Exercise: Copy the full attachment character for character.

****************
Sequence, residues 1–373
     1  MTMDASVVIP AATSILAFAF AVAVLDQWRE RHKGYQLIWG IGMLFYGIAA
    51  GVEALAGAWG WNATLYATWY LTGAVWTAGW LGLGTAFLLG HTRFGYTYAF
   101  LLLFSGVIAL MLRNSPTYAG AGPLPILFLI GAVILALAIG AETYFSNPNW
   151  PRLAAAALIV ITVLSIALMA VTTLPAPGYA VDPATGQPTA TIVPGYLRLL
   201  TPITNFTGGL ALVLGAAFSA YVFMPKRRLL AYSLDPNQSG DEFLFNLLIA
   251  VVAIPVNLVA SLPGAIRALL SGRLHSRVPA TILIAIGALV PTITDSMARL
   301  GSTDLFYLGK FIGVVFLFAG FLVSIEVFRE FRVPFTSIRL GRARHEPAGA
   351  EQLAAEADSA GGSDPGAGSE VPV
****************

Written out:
Sequence, residues 1–373
     1  MTMDASVVIP AATSILAFAF AVAVLDQWRE RHKGYQLIWG IGMLFYGIAA
    51  GVEALAGAWG WNATLYATWY LTGAVWTAGW LGLGTAFLLG HTRFGYTYAF
   101  LLLFSGVIAL MLRNSPTYAG AGPLPILFLI GAVILALAIG AETYFSNPNW
   151  PRLAAAALIV ITVLSIALMA VTTLPAPGYA VDPATGQPTA TIVPGYLRLL
   201  TPITNFTGGL ALVLGAAFSA YVFMPKRRLL AYSLDPNQSG DEFLFNLLIA
   251  VVAIPVNLVA SLPGAIRALL SGRLHSRVPA TILIAIGALV PTITDSMARL
   301  GSTDLFYLGK FIGVVFLFAG FLVSIEVFRE FRVPFTSIRL GRARHEPAGA
   351  EQLAAEADSA GGSDPGAGSE VPV